With the surge in feminism that has hit societies across the world in the recent years, a lot of people struggle with understanding how they are complicit in the patriarchal system. There's a lot of desire to change, but without reflection on what has brought us here, meaningful change can't happen. So this week, I'm reflecting on womxn in the workforce and the questions not to ask.
Centuries of a male-dominated public space have made it difficult for womxn to take roles where they did not have access.
The traditional place for womxn in the past century was in the home. She managed the household, the social calendar of the family, the education of the children, the preparation of food, all the shopping, maintenance, pet care, etc. or as many like to reduce it down to "cleaning and taking care of the children." Devaluing womxn's work, what a surprise.
The Second-wave feminism from the 60s to 80s saw womxn leave the home and work for a living. But girl, was there a lot of resistance... I watched a video in a Feminist exhibition at the Belvue Museum, where womxn were turned away from the unemployment office. For no reason other than their gender. A few men were interviewed on the streets, where they questioned these womxn.
One even said, who would look after my children if my wife is at work? Me? No, I like my career too much. Ok, so then you get it!
We all want a world that gives equal opportunity. Womxn were allowed to work, but the barriers to entry were still high. Reminder: Belgian womxn couldn't vote until halfway through last century.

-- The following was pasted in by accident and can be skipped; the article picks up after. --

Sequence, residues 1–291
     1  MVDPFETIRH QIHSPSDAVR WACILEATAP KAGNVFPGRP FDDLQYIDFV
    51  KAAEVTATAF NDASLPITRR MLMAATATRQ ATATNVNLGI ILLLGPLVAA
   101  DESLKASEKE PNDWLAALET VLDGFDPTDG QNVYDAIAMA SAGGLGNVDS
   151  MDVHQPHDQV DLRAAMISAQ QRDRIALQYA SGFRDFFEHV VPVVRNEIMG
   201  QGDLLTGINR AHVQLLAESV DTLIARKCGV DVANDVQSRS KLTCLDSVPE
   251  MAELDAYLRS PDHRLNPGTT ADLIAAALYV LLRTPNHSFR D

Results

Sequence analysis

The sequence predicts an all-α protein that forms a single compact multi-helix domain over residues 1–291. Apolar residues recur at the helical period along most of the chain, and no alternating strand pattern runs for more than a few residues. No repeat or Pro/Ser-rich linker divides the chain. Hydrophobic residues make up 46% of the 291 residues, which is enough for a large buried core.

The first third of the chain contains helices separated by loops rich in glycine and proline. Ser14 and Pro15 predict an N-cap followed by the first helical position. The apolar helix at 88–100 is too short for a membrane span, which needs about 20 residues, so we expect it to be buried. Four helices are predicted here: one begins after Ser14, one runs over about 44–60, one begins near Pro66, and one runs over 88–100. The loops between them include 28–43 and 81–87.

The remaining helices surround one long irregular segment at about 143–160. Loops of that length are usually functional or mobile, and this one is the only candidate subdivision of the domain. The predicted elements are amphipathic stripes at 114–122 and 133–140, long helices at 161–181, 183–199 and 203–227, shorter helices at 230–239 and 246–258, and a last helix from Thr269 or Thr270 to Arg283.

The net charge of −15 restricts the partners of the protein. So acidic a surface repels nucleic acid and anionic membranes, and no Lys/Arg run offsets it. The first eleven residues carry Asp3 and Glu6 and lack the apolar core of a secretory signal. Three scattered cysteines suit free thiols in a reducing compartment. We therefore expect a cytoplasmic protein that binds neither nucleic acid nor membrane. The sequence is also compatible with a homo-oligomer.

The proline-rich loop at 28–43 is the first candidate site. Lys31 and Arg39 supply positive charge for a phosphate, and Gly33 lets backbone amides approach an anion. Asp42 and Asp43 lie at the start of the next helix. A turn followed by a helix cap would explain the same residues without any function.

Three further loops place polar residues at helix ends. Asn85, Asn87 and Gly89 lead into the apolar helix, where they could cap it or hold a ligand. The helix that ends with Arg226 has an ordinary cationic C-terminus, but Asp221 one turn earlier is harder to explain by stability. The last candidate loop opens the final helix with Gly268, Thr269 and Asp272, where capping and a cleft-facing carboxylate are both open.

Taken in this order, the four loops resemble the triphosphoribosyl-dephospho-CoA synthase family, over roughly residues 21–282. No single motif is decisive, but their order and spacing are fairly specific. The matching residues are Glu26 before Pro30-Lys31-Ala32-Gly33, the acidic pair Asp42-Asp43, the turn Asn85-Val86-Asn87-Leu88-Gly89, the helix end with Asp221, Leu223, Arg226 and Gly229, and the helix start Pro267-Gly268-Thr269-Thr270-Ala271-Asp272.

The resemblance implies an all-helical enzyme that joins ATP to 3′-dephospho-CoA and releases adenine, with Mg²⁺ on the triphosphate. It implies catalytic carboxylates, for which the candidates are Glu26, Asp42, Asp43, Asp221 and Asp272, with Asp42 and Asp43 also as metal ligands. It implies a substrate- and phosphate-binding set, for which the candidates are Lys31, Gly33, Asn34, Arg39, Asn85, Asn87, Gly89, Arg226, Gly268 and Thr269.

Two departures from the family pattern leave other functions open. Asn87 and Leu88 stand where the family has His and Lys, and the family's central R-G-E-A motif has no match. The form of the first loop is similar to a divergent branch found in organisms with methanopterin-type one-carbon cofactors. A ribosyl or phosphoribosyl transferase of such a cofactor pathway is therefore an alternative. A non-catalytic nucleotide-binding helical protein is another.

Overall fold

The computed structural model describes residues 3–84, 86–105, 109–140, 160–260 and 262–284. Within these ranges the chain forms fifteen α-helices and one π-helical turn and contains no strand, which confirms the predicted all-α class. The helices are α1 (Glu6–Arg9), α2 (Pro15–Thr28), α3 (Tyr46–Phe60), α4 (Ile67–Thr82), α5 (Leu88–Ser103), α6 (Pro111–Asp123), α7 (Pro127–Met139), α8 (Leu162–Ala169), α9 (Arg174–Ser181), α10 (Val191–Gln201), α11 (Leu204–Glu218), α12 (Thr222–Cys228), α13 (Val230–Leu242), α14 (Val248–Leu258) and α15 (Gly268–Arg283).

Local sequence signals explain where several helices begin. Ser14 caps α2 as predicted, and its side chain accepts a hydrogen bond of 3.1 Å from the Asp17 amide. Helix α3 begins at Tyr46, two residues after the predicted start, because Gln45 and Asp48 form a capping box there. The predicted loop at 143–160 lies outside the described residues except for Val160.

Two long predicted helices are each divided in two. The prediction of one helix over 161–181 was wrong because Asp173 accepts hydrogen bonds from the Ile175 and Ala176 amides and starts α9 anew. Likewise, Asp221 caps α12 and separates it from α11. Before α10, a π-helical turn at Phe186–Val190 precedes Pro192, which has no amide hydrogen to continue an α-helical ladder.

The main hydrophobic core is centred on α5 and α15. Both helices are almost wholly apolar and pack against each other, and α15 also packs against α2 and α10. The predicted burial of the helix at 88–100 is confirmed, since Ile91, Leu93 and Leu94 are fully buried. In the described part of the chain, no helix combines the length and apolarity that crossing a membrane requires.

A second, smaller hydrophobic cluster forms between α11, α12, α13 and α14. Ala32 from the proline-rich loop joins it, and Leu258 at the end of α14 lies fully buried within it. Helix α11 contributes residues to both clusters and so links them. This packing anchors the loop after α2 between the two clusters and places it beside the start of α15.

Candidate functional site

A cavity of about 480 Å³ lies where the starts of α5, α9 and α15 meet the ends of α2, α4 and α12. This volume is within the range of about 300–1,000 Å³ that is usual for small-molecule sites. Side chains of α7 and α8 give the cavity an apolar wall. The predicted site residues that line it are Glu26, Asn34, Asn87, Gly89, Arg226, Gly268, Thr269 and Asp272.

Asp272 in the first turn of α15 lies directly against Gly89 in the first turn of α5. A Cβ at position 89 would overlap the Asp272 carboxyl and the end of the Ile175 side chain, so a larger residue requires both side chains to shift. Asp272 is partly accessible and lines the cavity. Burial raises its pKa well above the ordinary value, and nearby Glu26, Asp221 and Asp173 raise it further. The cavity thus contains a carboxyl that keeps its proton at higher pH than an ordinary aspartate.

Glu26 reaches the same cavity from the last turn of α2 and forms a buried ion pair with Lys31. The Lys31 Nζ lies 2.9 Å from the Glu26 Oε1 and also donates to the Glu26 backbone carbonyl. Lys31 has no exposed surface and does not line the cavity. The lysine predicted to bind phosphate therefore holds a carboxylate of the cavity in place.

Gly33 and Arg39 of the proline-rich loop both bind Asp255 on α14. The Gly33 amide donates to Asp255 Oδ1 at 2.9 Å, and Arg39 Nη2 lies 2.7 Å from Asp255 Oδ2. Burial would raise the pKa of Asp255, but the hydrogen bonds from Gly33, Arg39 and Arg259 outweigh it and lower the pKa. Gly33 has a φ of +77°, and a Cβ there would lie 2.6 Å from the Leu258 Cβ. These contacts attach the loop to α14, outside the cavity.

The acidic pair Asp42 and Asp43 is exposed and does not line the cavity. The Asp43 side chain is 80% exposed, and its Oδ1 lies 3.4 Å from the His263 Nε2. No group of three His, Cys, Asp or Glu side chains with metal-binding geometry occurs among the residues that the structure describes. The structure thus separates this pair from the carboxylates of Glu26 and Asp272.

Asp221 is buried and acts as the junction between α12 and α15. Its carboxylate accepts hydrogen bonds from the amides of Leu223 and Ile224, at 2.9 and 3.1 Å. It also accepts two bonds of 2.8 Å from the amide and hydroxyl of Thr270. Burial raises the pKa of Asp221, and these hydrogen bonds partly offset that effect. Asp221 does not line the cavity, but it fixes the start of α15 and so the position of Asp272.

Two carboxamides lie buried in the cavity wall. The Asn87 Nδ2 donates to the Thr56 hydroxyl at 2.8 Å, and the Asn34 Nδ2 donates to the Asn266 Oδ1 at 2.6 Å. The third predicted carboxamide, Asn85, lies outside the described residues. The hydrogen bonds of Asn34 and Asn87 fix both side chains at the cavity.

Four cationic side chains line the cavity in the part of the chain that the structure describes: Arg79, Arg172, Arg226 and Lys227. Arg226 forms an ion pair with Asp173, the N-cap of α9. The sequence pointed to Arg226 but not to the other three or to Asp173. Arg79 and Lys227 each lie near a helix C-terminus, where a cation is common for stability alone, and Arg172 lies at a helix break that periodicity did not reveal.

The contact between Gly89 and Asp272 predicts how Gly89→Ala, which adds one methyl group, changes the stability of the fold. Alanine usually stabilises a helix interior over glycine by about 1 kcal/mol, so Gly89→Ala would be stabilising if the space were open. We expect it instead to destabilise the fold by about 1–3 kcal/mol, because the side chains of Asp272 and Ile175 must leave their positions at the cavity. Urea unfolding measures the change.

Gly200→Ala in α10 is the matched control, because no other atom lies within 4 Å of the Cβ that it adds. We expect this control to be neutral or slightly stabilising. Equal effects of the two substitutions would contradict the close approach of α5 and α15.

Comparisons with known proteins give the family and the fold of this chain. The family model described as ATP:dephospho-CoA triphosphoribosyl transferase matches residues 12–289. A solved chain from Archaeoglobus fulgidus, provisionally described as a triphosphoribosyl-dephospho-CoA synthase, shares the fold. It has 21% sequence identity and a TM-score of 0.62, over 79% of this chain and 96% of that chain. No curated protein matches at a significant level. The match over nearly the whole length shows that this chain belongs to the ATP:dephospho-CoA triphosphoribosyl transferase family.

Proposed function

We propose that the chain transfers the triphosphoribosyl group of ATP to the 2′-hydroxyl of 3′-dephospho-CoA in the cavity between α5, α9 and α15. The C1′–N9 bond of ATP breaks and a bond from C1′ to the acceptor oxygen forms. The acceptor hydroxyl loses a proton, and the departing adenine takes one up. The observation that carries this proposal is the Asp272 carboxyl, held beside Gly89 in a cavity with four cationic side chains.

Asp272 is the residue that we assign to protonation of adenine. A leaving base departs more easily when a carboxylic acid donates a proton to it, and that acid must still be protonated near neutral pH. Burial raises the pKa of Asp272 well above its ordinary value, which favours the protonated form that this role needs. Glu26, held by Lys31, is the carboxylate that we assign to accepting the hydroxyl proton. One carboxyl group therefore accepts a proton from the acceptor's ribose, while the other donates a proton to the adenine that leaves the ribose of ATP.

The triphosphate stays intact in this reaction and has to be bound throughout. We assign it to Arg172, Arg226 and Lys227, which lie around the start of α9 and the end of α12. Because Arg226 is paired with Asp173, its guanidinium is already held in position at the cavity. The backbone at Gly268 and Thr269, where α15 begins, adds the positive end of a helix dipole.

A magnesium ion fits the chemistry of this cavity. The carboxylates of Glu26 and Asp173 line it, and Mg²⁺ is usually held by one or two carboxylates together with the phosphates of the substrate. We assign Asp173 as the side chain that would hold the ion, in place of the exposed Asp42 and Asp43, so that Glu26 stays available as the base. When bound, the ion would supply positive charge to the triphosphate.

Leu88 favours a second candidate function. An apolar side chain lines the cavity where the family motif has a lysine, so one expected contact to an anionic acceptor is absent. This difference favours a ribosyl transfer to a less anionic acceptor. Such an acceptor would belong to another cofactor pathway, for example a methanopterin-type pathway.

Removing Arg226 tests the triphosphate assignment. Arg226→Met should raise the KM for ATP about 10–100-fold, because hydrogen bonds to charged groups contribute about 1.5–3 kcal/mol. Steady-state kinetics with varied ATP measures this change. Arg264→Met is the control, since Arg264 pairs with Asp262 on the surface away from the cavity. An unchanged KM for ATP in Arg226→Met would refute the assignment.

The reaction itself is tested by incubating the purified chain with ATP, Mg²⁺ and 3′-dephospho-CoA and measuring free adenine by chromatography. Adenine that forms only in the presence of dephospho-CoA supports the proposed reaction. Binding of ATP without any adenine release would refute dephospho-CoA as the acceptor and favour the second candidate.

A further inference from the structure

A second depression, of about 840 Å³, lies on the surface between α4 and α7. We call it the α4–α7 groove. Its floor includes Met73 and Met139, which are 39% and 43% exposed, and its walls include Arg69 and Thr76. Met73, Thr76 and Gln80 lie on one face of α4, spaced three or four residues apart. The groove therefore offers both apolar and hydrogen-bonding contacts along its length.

But what does this have to do with today and why are you bring this up, ranting feminist?
Glad you asked! Feminism is not a bunch of angry womxn. I mean, not just a bunch of angry womxn. Because trust me, we're still mad.
Feminism exists because sexism exists. It shows up in insidious ways. Womxn entering the workforce in ever greater numbers = greater numbers of sexist encounters.
The questions people ask businesswomxn are all related to where and how womxn are seen in society, so innocent-seeming questions often pull from out-dated views on how womxn can (or can't) interact in the public space. It's past time to reconsider these practices.
10 Questions Businesswomxn Are Over
This list addresses casual sexism (meaning well-intentioned questions but poorly posed) and questions entrepreneurial womxn receive way more than their male counterparts.
Especially, when it comes to the running and financing of their businesses.
1. What does your husband think of you working (so much/late)?
Checking in on my relationship seems really out of place here.
All entrepreneurs face long hours and difficult schedules to manage. Regardless of gender. Their partner's opinion of their work schedule is and should be irrelevant to reporters and financiers.
This calls womxn to a place in time where they needed (for some: need) their husbands' permission to engage in public life. Newsflash: That's not the Western world's position anymore. My place is where I say it is.
2. Are you planning on having a family? Who takes care of the children?
Business life & private life are not the same thing.
When asking a womxn about her business, please refrain from jumping into her private life.
Womxn were once the primary caretakers. But, the roles are shifting. With more womxn in the workforce, they have less time for childcare. Womxn are individuals who determine childcare dynamics with their partners. Equitable numbers yet? No, but the shift is happening towards a better balance between parents.
3. Don't you think you should wear makeup to the meeting?